Prior to the hot metal entering the mold cavity, it is coated with a refractory material or a mold wash, which prevents the casting from sticking to the mold and also prolongs the mold life. Any sand or metal cores or components are then installed into the die and the mold is clamped shut. Molten metal is then poured into the mold and soon after solidification, the mold is opened and the casting removed to reduce chances of hot tears. The process is then started all over again, but preheating is not required because the heat from the previous casting is adequate and the refractory coating should last several castings. Because this process is usually carried out on large production run work-pieces, sometimes automated equipment is used to coat the mold, pour the metal, and remove the casting.
Designing Dies for Permanent Mold Casting
When dies are designed, they vary from part to part and alloy to alloy, however when designing a mold, one can allow for some venting usually through the slight crack between the two mold halves, but if this is not enough then very small vent holes are used. They are small enough to let the air escape but not the molten metal. A riser must also be included to compensate for shrinkage. This usually limits the yield to less than 60%.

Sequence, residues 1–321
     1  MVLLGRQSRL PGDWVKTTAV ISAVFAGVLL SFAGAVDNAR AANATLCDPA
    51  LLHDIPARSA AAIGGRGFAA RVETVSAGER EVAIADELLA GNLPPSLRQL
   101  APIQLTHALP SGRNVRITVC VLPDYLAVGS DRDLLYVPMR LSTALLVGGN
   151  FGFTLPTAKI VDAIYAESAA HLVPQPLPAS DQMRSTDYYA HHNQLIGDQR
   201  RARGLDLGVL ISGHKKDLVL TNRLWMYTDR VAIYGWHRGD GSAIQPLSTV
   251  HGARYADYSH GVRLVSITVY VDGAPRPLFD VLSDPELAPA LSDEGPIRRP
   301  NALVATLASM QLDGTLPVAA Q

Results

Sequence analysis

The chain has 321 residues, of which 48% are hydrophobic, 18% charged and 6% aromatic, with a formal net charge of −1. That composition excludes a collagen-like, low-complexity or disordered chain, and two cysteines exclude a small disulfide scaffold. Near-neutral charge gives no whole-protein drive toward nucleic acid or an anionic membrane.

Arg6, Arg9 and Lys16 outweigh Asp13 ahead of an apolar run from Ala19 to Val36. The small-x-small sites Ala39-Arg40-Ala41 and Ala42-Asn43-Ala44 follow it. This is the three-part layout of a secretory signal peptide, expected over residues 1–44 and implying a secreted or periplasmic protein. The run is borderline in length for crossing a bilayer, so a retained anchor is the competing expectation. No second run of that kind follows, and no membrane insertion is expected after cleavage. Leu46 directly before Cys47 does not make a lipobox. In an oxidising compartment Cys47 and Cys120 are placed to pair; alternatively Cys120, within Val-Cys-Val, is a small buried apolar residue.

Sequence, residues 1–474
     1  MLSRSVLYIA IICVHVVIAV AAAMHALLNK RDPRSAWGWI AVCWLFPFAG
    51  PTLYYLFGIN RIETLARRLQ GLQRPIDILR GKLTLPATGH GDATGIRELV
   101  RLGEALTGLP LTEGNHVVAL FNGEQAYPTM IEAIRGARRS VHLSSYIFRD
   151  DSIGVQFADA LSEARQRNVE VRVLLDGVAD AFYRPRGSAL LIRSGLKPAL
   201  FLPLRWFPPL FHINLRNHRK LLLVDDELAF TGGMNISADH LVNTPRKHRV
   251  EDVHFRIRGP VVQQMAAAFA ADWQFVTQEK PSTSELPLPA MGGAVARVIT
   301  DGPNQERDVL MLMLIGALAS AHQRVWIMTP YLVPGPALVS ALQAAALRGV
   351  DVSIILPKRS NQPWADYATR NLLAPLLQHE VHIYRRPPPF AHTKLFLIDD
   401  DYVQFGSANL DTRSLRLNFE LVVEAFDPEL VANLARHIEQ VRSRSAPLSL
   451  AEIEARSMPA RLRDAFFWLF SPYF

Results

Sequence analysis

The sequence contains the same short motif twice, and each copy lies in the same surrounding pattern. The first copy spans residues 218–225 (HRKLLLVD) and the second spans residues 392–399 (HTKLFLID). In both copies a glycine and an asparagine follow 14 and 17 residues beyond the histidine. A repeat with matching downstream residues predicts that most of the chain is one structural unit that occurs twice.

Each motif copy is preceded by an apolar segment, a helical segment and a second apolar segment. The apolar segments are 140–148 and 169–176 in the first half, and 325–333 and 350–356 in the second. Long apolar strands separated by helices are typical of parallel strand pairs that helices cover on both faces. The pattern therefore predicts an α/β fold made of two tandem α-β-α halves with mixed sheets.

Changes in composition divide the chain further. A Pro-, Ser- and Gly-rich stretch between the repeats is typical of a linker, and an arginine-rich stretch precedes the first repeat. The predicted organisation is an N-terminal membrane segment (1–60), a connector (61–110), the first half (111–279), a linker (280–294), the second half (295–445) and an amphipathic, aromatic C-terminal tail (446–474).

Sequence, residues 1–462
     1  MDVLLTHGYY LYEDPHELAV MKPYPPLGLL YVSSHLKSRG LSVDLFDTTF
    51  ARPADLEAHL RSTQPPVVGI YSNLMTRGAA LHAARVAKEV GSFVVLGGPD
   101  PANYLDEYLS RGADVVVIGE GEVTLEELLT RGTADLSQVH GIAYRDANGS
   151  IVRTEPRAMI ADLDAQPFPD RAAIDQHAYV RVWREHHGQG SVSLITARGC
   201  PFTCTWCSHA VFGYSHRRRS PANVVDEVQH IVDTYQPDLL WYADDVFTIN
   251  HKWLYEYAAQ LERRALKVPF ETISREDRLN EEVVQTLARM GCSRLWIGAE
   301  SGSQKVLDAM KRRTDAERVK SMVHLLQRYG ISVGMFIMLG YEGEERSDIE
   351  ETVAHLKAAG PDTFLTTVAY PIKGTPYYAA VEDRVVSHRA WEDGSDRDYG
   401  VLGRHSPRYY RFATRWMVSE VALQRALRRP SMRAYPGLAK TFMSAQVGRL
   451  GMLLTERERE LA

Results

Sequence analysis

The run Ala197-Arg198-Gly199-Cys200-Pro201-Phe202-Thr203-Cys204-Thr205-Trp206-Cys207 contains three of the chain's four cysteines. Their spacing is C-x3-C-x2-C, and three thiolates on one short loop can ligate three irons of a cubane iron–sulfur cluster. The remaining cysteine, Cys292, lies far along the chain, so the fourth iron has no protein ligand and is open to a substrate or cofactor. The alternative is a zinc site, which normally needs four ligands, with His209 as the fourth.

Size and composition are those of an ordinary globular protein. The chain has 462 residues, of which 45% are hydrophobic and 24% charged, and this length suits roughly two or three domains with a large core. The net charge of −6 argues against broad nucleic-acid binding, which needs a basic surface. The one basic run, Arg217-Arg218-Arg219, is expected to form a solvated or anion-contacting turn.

Sometimes, mechanical ejector pins are included in the mold when coatings are not enough to remove casts from the molds. These pins are placed throughout the mold and usually leave small round impressions on the casting.
What is the Difference Between Gravity Casting and Sand Casting?
There are a wide range of key differences regarding gravity casting and sand casting. The main differences lie in the mold and how it is structured. Sand casting is accomplished by shaping a mold from a sand mixture and pouring molten liquid metal into the cavity in the mold. The mold is then cooled until the metal has solidified. It is essentially an expendable mold casting process since the mold is destroyed after its initial use. Additionally, sand casting allows for smaller batches to be made compared to permanent mold casting, which is designed for larger runs and is costlier.
Conversely, gravity casts can be used repeatedly to make identical parts. This type of reusable mold casting is highly useful for applications that require numerous production runs of the same part. The initial investment costs are a bit higher than sand casts, but the costs generally make up for themselves due to the extended usage factor.
Ensuring a High-Quality Surface Finish
The metal is poured at the lowest practical temperature in order to minimize surface cracks and porosity. The pouring temperature can range greatly depending on the casting material; for instance, zinc alloys are poured at approximately 370 °C (698 °F), while Gray iron is poured at approximately 1,370 °C (2,500 °F).
We take all these things into consideration when designing molds for this process. For more information about permanent mold castings, contact Deeco Metals.